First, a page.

It is really important to our healthcare providers because that's how they measure how well THEY are doing in keeping people with diabetes healthy. It's a global measurement and so they can use it to compare their service to services in other countries.
For us, the individual with diabetes, it really doesn't have that much value. You might feel differently but for me, it's just another number, one of many that I use to manage my type 1 diabetes.
I have had a good HbA1c for a number of years now. But there was a period of time a couple of years ago when I had an excellent HbA1c of 48 mmol/mol (6.5% NGSP unit). However, both myself and my endo were confused because my blood glucose readings told a very different story. They were ALL OVER THE SHOP!!! Not one of my BG readings was within any of my targets!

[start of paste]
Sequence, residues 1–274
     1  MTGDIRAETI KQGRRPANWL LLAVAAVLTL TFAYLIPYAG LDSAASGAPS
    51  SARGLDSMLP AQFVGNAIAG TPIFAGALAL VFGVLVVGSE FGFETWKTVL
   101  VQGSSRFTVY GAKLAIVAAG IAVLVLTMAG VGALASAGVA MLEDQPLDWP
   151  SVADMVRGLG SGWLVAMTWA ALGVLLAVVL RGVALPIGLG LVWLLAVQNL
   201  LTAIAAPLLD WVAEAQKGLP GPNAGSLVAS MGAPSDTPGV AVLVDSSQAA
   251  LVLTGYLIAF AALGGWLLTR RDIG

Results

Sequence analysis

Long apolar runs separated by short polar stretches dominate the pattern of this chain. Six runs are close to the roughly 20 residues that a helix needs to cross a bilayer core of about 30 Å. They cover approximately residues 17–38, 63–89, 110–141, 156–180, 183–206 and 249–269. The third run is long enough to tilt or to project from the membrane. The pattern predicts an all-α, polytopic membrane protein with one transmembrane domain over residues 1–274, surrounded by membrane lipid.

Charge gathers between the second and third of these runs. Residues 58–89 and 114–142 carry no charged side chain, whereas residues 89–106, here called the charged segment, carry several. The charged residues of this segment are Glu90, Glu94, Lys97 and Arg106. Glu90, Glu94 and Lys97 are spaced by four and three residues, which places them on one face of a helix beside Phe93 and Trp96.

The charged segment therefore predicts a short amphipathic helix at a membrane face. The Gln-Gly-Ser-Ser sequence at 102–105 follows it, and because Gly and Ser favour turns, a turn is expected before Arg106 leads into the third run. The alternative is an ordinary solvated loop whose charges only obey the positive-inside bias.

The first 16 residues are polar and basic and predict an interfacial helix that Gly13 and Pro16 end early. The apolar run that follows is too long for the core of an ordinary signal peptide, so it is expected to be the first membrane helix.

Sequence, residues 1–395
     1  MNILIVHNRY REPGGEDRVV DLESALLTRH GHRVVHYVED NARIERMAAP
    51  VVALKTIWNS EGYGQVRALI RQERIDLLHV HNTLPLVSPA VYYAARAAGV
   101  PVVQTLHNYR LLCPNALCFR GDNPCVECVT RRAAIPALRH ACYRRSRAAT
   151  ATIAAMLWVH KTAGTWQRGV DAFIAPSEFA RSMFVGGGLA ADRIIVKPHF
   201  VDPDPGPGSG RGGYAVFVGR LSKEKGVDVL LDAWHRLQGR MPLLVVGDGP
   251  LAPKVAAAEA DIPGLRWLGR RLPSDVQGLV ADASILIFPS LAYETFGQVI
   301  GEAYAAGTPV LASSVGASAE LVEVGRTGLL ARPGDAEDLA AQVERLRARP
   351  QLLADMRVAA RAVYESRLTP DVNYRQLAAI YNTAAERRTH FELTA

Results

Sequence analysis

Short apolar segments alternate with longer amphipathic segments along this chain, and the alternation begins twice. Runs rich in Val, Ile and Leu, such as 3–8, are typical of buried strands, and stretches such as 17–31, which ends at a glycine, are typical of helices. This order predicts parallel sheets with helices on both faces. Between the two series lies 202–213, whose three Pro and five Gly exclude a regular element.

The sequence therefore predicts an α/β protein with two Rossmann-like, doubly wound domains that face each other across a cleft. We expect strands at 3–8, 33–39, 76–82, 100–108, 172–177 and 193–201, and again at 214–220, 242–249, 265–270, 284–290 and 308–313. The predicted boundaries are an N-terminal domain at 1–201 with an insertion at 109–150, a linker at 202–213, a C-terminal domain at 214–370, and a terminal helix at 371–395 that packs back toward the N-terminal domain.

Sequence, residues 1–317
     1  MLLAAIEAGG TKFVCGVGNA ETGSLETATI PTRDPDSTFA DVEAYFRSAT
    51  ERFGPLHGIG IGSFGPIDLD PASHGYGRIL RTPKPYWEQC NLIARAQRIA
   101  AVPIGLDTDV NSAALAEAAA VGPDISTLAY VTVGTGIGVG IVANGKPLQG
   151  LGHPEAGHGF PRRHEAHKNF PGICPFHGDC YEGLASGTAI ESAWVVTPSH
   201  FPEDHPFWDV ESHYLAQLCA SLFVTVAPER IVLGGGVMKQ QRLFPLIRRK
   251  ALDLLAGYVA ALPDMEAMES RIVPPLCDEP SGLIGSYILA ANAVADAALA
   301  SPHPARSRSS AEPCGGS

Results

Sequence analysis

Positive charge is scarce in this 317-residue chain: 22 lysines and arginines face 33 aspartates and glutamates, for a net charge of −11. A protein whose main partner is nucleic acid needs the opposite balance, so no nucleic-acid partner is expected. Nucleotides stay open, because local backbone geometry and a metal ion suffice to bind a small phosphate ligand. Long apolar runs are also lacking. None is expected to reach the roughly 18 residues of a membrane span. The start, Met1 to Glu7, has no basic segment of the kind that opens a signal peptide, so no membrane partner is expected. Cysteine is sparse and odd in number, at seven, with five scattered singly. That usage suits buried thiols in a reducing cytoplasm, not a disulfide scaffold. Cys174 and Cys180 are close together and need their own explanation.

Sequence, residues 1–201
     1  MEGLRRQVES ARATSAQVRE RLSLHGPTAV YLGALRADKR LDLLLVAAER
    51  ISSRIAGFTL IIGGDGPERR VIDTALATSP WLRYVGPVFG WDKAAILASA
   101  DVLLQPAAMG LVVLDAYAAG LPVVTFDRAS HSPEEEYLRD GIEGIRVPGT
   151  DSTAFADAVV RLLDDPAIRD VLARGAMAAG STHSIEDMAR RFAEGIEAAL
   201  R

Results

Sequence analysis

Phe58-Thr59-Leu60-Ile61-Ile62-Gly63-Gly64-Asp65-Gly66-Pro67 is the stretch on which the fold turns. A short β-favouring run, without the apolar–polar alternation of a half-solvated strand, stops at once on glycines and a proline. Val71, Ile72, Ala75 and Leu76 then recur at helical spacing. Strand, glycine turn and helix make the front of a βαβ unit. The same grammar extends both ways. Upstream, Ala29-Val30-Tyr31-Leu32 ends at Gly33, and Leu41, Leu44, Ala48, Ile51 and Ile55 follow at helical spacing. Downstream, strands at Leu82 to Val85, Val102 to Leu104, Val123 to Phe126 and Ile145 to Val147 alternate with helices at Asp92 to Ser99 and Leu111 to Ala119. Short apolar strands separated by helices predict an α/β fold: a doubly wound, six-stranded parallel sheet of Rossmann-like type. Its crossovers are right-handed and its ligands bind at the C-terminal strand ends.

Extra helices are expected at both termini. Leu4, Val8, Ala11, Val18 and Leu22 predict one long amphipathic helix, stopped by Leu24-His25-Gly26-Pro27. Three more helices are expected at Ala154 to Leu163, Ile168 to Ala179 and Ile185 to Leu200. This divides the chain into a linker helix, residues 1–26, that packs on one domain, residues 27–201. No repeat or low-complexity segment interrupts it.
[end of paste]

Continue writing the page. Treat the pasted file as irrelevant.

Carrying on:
We figured out that I was having more than the occasional hypo during the night and not waking up (Flipping scary). These lows were offsetting the highs during the day, making my HbA1c appear excellent.
These days, I look up my average blood glucose reading over 30 and 90 days on my meter. Plus, I look at my "standard deviation". The Standard Deviation SD is a measure of how spread out my numbers are and it's measured in a percentage.
The SD from the example above is +/-7 which is quite a spread.
Ultimately, I want to smooth out the peaks and troughs of my blood sugars and that's why I would like my average blood glucose reading to be between 8 and 9 mmols and my standard deviation to be a small as possible.
I was always tempted to brag a little about having reasonable HbA1c results. But once I learned about SD it removed all temptation.